I know a great example of a situation, when applying this simple trick paid off significantly. In that system, users could request an instance of the analytic platform to be installed for them. After receiving a request from the user, administrators would start the installation process. It could take some time, during which the end user would see "in progress" status.

The initial domain model consisted of Instance entity with a status field. It could have one of the following values: REQUESTED, IN_PROGRESS, DONE.

After learning the trick with using dates, the team converted status into three date fields: installationRequestedAt, installationStartedAt and installationFinishedAt.

After some time, a new idea emerged. Some changes to the infrastructure were made. They expected to reduce the time of the installation process. It was valuable to compare some statistics for installations before and after the changes. With the enchanced model in place, it was an easy task to calculate mean time between submitting a request and the end of the installation. Such statistics could be calculated for both the new and the historical data. It gave valuable insight into real output of the introduced changes.

What started as a simple refactoring, eventually turned out to bring a great reward for the developers:

I will never use a boolean in my model again ;)
Paweł Wacławczyk (@pawaclawczyk)

Of course there is more code to write when converting an enum field with multiple values into several dates than when converting a single boolean value into a single date. In some cases the cost might be too high, but I believe that you'll find many places with adequate risk-benefit ratio.


The amount of business information you gather in your system is one of the metrics of how good the domain model is. Whenever a business rule involves some state transitions, you may find it valuable to persist the time of the event. In many cases it can be done at virtually no additional cost. Such temporal data becomes an asset when analyzing production issues. What's more, it can enable additional ways for data analysis and bring some unexpected value in the future. I hope you will find this trick useful in your projects!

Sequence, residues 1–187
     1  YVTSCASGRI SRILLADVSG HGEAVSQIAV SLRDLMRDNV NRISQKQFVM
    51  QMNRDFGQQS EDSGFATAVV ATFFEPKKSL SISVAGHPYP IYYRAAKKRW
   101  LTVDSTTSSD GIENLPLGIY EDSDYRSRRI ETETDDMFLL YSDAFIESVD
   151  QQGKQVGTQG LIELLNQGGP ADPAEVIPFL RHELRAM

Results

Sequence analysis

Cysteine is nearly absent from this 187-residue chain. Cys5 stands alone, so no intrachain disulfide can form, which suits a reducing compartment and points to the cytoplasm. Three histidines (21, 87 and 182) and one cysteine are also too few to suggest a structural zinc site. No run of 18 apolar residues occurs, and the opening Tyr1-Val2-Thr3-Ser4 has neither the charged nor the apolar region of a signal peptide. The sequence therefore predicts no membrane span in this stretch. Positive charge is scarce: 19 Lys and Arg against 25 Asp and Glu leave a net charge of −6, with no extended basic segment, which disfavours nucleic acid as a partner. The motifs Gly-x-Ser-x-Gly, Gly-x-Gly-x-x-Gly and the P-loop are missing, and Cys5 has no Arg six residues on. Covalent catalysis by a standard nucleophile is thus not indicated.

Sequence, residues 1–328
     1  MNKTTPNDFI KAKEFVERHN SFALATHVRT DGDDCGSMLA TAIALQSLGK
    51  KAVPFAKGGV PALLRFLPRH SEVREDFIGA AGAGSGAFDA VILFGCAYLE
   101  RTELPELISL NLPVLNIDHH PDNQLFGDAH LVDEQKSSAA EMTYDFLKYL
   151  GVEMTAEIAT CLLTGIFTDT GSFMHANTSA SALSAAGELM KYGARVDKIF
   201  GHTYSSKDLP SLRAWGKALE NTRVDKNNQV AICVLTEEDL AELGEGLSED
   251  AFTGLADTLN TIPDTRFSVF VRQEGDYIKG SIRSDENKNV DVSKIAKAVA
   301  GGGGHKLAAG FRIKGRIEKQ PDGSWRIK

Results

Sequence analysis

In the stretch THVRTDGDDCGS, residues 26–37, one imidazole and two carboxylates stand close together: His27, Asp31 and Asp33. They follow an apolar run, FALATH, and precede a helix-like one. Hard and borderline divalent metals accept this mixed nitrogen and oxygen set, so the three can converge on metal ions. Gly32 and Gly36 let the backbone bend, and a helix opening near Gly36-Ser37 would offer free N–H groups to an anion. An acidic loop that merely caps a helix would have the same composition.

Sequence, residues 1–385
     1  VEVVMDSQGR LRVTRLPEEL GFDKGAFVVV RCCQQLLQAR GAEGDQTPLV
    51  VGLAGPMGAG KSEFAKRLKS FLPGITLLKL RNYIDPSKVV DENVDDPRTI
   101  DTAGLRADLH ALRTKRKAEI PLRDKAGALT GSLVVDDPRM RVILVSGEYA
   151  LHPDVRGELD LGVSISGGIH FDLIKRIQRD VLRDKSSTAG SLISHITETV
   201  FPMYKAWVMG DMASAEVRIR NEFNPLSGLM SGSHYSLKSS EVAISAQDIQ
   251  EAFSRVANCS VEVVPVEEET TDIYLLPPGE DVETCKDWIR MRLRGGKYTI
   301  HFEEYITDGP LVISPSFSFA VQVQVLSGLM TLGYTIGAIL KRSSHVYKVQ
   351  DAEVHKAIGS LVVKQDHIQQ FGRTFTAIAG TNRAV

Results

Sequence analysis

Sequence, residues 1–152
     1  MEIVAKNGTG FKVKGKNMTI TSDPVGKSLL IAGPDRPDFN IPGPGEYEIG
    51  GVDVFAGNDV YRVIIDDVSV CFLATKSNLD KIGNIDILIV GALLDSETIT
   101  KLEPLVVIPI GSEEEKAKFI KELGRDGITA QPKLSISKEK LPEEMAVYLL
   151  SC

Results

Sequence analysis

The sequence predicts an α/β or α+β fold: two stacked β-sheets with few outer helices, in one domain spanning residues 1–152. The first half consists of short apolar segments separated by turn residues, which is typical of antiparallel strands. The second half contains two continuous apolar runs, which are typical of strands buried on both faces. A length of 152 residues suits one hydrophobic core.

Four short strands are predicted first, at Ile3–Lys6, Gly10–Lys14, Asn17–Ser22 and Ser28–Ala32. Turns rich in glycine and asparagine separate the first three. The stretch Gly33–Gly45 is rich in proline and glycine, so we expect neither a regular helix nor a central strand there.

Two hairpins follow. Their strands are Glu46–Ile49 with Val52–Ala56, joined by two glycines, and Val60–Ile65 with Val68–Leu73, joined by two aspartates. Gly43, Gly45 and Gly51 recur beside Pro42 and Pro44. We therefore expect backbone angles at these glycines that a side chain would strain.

Update (07 Jun 2015)

The original message was that it's worth to keep track of the changes in time (as opposed to storing just the current state).

The actual way of storing such data is a separate concern. For example, with event sourcing you can take those concepts to another level. But even without it you can introduce an explicit model that would contain all the data.

The solution described in the post is just a tip for the simplest cases. The bottom line is, that you can keep the model relatively simple and still record more data. If the scenario gets more complex, though, you will definitely need to use more elaborated approach when modeling your domain (such as introducing additional entities).

One of the readers expressed their concern about using null values. Please note, that I put emphasis on strict encapsulation. The nullable field is invisible from the outside of the class. Of course nulls are still present in the database. I have never seen it to become a real problem, though. But if it is an issue for you or your operations team, you could either resign from storing the date or prepare a more complex model. As always, we need to evaluate the investment against the potential benefit.